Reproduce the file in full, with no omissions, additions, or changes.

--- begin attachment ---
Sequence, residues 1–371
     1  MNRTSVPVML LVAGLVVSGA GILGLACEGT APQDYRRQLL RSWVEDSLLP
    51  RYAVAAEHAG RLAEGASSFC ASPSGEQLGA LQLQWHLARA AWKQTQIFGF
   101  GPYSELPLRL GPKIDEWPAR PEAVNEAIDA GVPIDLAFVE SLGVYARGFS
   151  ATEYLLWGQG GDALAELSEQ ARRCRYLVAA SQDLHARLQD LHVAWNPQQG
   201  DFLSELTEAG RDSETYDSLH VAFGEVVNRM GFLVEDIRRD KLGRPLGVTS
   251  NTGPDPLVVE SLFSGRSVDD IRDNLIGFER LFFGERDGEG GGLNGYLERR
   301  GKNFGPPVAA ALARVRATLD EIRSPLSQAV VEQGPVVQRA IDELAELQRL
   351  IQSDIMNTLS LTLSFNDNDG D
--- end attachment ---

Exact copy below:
Sequence, residues 1–371
     1  MNRTSVPVML LVAGLVVSGA GILGLACEGT APQDYRRQLL RSWVEDSLLP
    51  RYAVAAEHAG RLAEGASSFC ASPSGEQLGA LQLQWHLARA AWKQTQIFGF
   101  GPYSELPLRL GPKIDEWPAR PEAVNEAIDA GVPIDLAFVE SLGVYARGFS
   151  ATEYLLWGQG GDALAELSEQ ARRCRYLVAA SQDLHARLQD LHVAWNPQQG
   201  DFLSELTEAG RDSETYDSLH VAFGEVVNRM GFLVEDIRRD KLGRPLGVTS
   251  NTGPDPLVVE SLFSGRSVDD IRDNLIGFER LFFGERDGEG GGLNGYLERR
   301  GKNFGPPVAA ALARVRATLD EIRSPLSQAV VEQGPVVQRA IDELAELQRL
   351  IQSDIMNTLS LTLSFNDNDG D